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    July for Kings

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    Most Popular Songs (more)

    Daylight Savings lyrics
    2More Than This lyrics
    3As The Crow Flies lyrics
    4Orion lyrics
    5July lyrics
    6Perfect World lyrics
    7Float Away lyrics
    8Archaic Smile lyrics
    9Stride lyrics
    10I'll Go lyrics

    Most Popular Albums (more)

    1Monochrome [2009]
    2Safe Unless [1999]
    3Nostalgia [2004]
    4The Laughter And The Noise [2000]
    5Swim [2002]


    July For Kings

    Joe Hedges – vocals, guitar
    T Miller - cello, guitar, vocals
    Drew Phillips – bass, vocals
    Dan McQuinn – drums, percussion

    Often, it's not the good times that a band shares that defines and shapes them, but the bad. Just ask July For Kings.

    Since November 2002, the Middletown, Ohio five-piece have fulfilled the dream of releasing a major label debut, followed by the low point of finding themselves without a record deal and their two long-time friends and band members. The pain of parting ways with MCA Records and original bass player and drummer might have seriously damaged the confidence of lesser bands, but July For Kings responded to such adversity by regrouping, refocusing and rejecting the politics for the only thing that really matters to a band: the music.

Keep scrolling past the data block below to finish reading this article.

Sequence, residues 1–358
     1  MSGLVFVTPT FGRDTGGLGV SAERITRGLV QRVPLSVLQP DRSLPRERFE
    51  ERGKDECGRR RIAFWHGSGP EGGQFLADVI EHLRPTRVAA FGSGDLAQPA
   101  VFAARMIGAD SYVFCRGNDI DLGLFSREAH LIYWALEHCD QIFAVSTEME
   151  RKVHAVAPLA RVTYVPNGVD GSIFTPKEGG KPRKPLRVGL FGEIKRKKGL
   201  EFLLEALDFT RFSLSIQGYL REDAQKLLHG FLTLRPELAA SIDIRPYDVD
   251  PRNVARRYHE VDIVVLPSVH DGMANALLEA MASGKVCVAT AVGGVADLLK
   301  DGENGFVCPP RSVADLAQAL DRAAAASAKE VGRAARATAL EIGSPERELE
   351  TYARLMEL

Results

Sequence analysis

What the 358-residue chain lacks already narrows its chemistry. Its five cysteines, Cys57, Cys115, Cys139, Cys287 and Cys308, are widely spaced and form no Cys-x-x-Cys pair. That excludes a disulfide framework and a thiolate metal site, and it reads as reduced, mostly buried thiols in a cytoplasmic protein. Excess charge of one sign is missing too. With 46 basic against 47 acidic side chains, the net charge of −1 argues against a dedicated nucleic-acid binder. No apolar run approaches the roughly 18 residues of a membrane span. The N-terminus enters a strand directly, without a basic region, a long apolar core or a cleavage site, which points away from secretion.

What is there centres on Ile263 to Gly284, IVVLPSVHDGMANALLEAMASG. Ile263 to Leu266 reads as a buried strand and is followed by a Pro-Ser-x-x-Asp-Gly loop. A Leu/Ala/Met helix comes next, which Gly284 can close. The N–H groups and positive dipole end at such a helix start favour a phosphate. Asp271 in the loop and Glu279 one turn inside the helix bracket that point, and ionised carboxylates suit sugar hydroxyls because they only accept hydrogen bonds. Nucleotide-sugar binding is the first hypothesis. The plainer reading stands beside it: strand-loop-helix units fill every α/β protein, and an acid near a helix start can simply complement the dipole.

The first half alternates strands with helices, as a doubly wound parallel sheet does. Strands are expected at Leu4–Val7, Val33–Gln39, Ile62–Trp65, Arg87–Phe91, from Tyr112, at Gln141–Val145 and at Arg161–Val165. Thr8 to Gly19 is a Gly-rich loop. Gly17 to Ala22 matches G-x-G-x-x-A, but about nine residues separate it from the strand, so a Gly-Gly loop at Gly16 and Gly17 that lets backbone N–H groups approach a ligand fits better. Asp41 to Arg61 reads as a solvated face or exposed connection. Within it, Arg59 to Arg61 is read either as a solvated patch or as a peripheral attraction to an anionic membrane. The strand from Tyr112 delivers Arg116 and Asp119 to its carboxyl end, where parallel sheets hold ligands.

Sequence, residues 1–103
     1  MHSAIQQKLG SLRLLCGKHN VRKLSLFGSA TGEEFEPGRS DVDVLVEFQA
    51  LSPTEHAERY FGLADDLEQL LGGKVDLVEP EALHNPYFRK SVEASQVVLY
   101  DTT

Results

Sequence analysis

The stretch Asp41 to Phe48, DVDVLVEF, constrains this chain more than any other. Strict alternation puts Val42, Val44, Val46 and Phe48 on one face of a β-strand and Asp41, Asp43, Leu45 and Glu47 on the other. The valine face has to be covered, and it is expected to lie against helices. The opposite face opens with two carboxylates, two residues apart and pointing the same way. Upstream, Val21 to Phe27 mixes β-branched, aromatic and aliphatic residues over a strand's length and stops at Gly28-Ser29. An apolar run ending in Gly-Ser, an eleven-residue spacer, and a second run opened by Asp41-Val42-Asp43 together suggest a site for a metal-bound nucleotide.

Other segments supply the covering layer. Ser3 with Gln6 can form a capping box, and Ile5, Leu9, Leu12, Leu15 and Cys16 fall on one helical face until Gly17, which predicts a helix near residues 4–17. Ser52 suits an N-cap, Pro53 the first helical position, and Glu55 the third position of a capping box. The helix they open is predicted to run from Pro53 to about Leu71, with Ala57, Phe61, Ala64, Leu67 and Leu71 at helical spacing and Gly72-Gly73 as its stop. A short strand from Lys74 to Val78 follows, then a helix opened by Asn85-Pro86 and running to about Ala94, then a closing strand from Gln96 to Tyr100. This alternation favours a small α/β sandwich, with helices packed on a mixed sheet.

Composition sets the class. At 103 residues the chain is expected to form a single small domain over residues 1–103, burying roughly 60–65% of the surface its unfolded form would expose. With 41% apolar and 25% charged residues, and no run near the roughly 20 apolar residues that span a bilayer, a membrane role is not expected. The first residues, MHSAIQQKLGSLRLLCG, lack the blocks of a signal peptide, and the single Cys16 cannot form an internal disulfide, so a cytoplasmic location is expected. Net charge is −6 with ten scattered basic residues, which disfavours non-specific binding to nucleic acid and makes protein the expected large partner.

"We are fired up," admits July For Kings' lead singer/songwriter, Joe Hedges. "I don't want to over dramatize anything, but to be honest things felt pretty bleak for a while. Now we're just totally going for it and are excited that we're finally going to be releasing some new music."

    That new music is the brand new seven-song CD, Nostalgia, a body of work that builds impressively on the crunching riffs, stellar musicianship and memorable hooks of their 2002 MCA debut, Swim, with the CD's title confirming that the band is looking forward, having learned from the past.

    "If anything, the downtime only made us hungrier to make music and get out there and play," says Hedges. "But I really think we are a better group because of it. Fortunately, we all share an idea of what it means to be a rock group, and we are willing to put in the time and work to make it happen. We're in it for the right reasons, for the long haul."